When researching bills, committee hearings, and committee reports, you are performing legislative history research, essentially researching documents created at each stage of the legislative process as a bill is introduced and proceeds through steps of the formal legislative process.
Hearings are held by committees and sub-committees to obtain background information on pending legislation, and also for investigative purposes. Published hearings can include oral testimony, written statements of witnesses, exhibits, studies, article reprints, & texts of bills under consideration.
Committee reports can be especially useful sources of legislative history at the federal level, as they often include a bill's purpose and scope, a section-by section analysis, reasons for recommending full chamber approval, any views of dissenting committee members, as well as cost and budgeting information. Conference committee reports are a compromise of the House and Senate versions of a bill and indicate the understanding of both houses.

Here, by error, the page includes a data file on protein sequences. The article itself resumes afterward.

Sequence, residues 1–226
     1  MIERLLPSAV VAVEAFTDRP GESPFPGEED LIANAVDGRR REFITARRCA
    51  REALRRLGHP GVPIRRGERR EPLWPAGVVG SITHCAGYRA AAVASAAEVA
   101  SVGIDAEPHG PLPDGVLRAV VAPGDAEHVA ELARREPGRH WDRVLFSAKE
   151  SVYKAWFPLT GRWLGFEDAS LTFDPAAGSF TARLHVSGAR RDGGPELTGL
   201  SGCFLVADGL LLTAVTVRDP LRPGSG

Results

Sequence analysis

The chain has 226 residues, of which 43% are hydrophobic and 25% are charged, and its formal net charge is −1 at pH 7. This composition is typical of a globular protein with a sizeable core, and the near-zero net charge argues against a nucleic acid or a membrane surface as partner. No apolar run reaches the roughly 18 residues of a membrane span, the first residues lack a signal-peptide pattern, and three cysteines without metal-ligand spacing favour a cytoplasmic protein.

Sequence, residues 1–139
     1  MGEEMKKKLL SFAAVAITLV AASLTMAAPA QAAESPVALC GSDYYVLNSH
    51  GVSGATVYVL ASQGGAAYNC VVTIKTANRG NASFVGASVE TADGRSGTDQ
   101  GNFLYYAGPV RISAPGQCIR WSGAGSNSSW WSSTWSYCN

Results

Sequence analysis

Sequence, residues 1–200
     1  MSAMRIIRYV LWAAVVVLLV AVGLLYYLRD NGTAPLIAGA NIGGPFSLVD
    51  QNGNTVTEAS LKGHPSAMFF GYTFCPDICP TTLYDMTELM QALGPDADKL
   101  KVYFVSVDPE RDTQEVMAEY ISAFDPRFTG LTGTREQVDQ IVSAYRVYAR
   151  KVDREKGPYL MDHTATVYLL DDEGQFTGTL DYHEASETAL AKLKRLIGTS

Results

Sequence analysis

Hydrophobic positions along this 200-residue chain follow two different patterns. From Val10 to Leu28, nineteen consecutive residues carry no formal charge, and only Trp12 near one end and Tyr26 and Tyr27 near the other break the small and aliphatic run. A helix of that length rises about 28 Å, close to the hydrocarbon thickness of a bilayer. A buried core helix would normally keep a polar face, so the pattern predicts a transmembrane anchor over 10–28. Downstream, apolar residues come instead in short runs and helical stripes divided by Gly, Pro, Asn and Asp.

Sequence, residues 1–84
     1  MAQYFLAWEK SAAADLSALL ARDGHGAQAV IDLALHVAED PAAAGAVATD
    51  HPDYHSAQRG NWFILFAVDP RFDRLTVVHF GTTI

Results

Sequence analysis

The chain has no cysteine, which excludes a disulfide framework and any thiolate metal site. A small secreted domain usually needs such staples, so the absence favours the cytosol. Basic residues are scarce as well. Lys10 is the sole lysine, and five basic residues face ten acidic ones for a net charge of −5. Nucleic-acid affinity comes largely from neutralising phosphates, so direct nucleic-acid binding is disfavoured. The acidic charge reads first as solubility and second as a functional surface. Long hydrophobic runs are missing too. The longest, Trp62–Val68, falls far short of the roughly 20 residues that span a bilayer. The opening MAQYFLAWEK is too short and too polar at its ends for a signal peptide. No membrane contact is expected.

For federal bill tracking on Westlaw: Statutes & Court Rules → Tools & Resources → Bill Tracking ** Use Advanced Search
For federal bill tracking on Lexis Advance: Statutes & Legislation → Bill Tracking
No federal bill tracking tool on Bloomberg Law. For current list of bill actions, look up the bill and review the Congressional Activity listed in the summary.
Westlaw, Lexis Advance, and Bloomberg Law all contain selected historical bill and records of Congressional committee hearings and committee prints.
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